Unfortunately, this problem -- spotted early on -- isn't going away.
Voters from at least half a dozen states reported that touch-screen voting machines had incorrectly recorded their choices, including for president.
Voters discovered the problems when checking the review screen at the end of the voting process. [...]
Election observers with the Electronic Frontier Foundation (EFF) and Verified Voting Foundation (VVF) reported today that the problem, which some voting officials initially attributed to fluke "voter error," is evidently widespread and may even be relatively common with touch-screen machines. Incorrectly recorded votes make up roughly 20 percent of the e-voting problems reported through the Election Incident Reporting System (EIRS), an online database in which volunteers with the Election Protection Coalition, a coalition of non-partisan election observers dedicated to preventing voter disenfranchisement, are recording and tracking voting problems.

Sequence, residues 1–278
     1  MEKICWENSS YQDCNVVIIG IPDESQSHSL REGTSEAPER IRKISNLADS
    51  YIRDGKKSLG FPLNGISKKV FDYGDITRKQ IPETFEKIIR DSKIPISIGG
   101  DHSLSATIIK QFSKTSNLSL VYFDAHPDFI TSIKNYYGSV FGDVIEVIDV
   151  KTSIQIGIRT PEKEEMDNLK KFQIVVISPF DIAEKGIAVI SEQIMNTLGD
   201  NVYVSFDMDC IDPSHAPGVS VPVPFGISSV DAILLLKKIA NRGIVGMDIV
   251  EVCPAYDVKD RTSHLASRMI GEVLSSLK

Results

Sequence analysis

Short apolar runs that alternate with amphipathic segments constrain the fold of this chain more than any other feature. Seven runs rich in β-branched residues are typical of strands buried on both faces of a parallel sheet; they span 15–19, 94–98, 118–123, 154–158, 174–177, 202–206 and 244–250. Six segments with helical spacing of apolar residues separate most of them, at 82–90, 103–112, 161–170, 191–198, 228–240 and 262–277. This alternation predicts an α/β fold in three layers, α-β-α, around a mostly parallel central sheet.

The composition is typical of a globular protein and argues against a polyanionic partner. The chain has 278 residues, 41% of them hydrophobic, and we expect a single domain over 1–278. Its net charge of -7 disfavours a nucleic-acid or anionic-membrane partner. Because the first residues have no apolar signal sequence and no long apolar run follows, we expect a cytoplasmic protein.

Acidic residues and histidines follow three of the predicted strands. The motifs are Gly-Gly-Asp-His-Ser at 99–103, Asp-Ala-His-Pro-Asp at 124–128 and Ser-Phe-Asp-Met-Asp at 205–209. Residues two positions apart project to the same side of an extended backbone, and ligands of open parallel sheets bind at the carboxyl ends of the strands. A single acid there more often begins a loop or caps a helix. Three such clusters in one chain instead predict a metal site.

For voters, these incidents underscore the need to carefully review ballots during the final portion of the electronic voting process. But they also point to the larger issue: using touch-screen voting systems vulnerable to this kind of error, combined with poll workers and voters unfamiliar with the new systems, substantially increases the chances of voter disenfranchisement.